Month: February 2021

Wicked Winter Weather Leads to Power Outages for Millions Across Nation

Millions of Americans were without power Tuesday as brutal winter weather spiked demand for electricity, causing widespread outages and forcing Texas, Louisiana, Oklahoma and other states to institute rolling blackouts to conserve energy.

Texas was by far the hardest-hit, with more than 4 million customers without power as of Tuesday afternoon. Oregon, Kentucky, Louisiana and West Virginia also had more than 100,000 outages, according to

Electric cooperatives and other utilities struggled to meet consumer demand that exceeded power supply as temperatures plunged and ice and snowstorms wreaked havoc. More storms are expected later this week.

“Due to continued frigid weather across Texas, the regional electric grid is operating under emergency conditions,” Pedernales Electric Cooperative said in a statement on its website. “Utilities statewide, including Pedernales Electric Cooperative (PEC), have been directed to reduce demand. As a result, service interruptions will occur throughout the PEC service territory.”

PEC said the service interruptions will continue “as long as the regional grid operator experiences peak demand.”

Neighboring Louisiana reported nearly 156,000 outages throughout the state early Tuesday, according to

“Due to the increase in power usage caused by the colder than normal temperatures and strain on the electrical infrastructure, our grid and transmission operators are no longer able to meet the demand of the network of transmission lines, and as a result load-shedding measures have become necessary until further notice,” said the Association of Louisiana Electric Cooperatives in a statement Tuesday. “At this time, Louisiana electric cooperatives have not been given an estimated time on how long these load-shedding outages will last.”

Kentucky co-ops were reeling from back-to-back ice storms.

“With the help of daylight, co-ops are assessing the extensive damage to their systems from back-to-back ice storms with crippling accumulations,” Kentucky Electric Cooperatives said in a tweet Tuesday morning. “About 100,000 consumer-members are without power in what looks to be a prolonged restoration effort.”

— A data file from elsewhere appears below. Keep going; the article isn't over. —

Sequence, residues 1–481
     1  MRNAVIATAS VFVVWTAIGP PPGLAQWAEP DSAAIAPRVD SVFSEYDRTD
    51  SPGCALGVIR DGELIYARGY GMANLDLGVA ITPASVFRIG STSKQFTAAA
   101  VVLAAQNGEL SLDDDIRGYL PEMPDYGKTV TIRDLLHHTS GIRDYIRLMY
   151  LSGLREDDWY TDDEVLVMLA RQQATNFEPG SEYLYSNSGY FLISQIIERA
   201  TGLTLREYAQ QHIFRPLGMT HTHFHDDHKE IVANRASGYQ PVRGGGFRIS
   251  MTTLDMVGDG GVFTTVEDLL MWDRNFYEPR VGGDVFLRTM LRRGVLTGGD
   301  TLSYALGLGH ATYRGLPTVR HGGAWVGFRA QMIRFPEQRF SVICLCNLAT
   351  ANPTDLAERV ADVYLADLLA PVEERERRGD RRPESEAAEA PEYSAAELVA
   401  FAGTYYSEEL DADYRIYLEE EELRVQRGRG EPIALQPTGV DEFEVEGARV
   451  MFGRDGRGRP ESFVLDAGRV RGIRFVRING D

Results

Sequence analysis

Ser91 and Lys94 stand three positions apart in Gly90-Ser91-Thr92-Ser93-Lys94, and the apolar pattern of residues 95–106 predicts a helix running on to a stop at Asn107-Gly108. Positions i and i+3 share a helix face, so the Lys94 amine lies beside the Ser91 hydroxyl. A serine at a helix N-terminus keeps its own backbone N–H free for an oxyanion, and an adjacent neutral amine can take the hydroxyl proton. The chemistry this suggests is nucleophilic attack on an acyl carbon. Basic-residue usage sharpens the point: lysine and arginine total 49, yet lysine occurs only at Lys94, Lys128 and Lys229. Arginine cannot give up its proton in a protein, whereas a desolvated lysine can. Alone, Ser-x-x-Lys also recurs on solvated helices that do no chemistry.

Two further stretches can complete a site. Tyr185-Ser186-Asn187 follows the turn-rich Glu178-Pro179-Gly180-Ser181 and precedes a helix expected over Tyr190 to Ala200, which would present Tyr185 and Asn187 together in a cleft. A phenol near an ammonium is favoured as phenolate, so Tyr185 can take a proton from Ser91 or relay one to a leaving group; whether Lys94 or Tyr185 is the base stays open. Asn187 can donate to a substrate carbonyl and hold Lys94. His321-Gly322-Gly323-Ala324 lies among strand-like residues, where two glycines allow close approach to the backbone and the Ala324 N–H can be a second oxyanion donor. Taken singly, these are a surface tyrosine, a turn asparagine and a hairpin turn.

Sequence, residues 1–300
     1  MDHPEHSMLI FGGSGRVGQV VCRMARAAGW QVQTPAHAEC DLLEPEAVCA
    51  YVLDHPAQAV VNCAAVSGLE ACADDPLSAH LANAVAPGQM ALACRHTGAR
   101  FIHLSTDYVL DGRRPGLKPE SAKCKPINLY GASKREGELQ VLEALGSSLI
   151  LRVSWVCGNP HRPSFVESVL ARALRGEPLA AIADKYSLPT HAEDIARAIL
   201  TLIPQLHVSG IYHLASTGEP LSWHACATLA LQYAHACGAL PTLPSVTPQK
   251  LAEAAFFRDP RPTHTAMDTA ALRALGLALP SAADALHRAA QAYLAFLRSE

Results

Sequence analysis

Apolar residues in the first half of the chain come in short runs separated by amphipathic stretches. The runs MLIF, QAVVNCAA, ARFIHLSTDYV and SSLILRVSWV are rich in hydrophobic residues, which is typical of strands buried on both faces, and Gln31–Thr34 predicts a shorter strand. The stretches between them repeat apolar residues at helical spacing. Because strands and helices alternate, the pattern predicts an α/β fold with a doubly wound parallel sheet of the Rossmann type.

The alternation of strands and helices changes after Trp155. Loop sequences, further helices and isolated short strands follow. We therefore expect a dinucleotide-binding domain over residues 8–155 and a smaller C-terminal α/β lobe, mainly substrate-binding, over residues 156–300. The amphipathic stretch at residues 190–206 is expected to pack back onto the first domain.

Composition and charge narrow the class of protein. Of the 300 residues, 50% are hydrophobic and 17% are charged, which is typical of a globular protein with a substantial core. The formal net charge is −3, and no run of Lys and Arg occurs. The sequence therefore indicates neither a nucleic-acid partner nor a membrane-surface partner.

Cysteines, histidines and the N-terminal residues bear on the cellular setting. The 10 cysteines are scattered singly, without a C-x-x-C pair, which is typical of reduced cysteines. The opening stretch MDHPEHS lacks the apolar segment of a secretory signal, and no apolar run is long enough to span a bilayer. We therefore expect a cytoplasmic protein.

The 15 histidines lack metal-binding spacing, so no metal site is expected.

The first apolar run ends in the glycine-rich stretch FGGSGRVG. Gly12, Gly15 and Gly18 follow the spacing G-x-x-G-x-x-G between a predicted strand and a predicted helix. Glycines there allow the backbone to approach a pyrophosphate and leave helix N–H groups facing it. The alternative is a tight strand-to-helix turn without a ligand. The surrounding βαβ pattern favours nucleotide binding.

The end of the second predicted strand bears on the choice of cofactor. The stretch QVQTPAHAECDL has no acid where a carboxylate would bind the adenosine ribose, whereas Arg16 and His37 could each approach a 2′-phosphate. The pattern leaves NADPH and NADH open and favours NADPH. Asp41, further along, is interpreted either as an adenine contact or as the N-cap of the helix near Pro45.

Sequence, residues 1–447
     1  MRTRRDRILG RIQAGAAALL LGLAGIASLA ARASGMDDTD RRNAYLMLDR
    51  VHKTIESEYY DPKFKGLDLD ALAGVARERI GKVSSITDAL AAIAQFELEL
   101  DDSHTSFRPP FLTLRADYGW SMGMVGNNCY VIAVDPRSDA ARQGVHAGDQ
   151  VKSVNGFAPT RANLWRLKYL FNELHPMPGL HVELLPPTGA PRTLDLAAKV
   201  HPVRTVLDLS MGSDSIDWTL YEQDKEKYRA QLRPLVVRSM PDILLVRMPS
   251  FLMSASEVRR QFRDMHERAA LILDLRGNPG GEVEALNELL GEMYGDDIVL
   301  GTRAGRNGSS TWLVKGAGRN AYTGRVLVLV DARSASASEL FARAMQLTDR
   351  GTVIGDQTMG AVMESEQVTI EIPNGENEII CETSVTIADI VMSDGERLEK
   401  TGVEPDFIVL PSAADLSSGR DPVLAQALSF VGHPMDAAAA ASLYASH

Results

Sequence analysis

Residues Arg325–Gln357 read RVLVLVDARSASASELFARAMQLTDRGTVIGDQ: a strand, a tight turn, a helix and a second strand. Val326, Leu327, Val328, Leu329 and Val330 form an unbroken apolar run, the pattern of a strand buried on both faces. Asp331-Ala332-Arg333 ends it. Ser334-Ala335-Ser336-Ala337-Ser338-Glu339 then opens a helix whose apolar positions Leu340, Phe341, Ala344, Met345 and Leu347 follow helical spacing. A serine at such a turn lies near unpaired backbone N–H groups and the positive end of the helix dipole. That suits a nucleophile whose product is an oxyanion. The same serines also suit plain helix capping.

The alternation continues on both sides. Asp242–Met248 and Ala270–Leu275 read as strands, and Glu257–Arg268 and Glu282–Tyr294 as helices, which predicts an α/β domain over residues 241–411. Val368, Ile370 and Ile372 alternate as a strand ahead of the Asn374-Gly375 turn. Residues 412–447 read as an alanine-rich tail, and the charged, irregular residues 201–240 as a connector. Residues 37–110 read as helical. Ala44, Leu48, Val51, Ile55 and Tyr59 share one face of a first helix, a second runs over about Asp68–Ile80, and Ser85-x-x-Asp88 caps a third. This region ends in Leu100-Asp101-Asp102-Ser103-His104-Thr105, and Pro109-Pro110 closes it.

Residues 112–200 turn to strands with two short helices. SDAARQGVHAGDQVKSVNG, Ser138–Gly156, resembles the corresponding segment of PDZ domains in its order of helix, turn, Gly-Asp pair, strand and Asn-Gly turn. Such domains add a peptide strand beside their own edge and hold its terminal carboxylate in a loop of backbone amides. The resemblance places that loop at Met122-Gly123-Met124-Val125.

Missouri, Oklahoma and Virginia each reported outages in the range of 50,000 to 100,000. Alabama, Arkansas, Illinois, Kansas, Mississippi, New Mexico, New York, North Carolina and Ohio reported 10,000 to 50,000 outages.

Some co-ops urged their consumer-members to reduce their use of electricity during the weather emergency so that everyone could get at least some power.

“The Electric Cooperatives of Arkansas ask members to immediately limit the use of electric service through the next 24 hours to ensure that members will continue to receive at least a minimum of electric service,” the statewide association said in a statement Tuesday. “Additional appeals may be necessary.”

Andrew Lachowsky, vice president of planning and market operations for the Arkansas association, said that rolling outages are possible unless electric consumption is reduced immediately. Because of the extremely cold weather, demand is exceeding supply for utility customers in the western part of the state, he said.

“This is an unprecedented time, and we urge electric cooperative members to immediately reduce the use of electrical requirements by turning off or not using non-essential lights and electric appliances, especially electric water heaters, clothes dryers and dishwashers and to turn heating thermostats to lower settings,” Lachowsky said.

Co-ops rushed to assist their neighboring co-ops whenever possible, but many were unable to divert crews from their own territories as more storms headed their way.